For stations more than 100 km away from the epicentre, an amplitude-distance relationship of the form:

$$A = A_o R^{-N} exp( - α R )$$

where \(A\) is an amplitude recorded at an epicentral distance \(R\), \(A_o\) is a calibration function, \(N\) is a geometric spreading factor and α is an inelastic attenuation coefficient, was found appropriate for all parts of the country.

For all New Zealand crustal earthquakes \(N\) is 2 and \(α\) generally takes a value close to 0. With these values, the relationship describes head-wave propagation with no attenuation. In the Central Volcanic Region, however, α takes values of 0.8 deg\(^{-1}\) for P waves and 1.05 deg\(^{-1}\) for S waves. Adjustments are therefore made according to the distance travelled in the volcanic region.

For deep earthquakes in the Main Seismic Region the same parameters as for crustal earthquakes apply (\(N = 2, α = 0\)), provided that (i) \(R\) now measures the slant distance from the focus to the base of the crust, and (ii) stations to the west of the Volcanic Region or south of the Main Seismic Region (south of a line between Cape Foulwind and Amberley) are not used, because the structure there necessitates different spreading and attenuation terms.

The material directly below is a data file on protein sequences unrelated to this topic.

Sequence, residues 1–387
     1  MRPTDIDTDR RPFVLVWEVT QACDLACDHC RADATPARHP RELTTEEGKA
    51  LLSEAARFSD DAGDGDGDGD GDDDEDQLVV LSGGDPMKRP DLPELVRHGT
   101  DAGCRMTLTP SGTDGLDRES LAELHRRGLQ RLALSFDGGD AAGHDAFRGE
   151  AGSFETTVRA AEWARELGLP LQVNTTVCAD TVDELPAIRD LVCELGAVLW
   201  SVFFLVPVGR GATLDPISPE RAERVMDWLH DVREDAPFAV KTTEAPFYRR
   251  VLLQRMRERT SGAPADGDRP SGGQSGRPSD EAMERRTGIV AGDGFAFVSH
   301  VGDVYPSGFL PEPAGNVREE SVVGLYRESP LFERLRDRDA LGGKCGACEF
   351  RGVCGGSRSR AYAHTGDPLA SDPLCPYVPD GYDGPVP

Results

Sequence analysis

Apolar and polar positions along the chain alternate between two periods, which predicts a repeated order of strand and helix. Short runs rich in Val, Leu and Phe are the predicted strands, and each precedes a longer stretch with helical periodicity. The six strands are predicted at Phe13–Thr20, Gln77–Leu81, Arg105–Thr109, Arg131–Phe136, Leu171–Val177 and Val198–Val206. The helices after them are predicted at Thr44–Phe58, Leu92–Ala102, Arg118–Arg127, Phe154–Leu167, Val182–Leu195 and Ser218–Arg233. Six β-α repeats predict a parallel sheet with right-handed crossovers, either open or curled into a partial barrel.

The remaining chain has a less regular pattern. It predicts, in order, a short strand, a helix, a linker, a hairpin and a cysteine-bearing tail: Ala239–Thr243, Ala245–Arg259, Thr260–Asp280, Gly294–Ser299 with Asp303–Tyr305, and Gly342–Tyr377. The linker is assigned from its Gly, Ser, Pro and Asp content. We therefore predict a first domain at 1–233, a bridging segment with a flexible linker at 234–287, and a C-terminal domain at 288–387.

For deep earthquakes in Fiordland the same amplitude-distance relationship is used, with (i) \(N\) given the value 1 (body wave propagation), (ii) \(α\) increasing with focal depth, and (iii) stations in the North Island not used, because of variations of the coefficients \(N\) and \(α\).

For stations closer than 100 km to the epicentre, the formula:

$$M_A = log_{10}A+1.0log_{10}R+0.0029 R+ K$$

developed by R. Robinson (Pageoph 125: 579-596, 1987) is used, where \(A\) is the maximum digital count, \(R\) is the slant distance from the station to the earthquake focus (in kilometres) and \(K\) is a station correction allowing for site factors.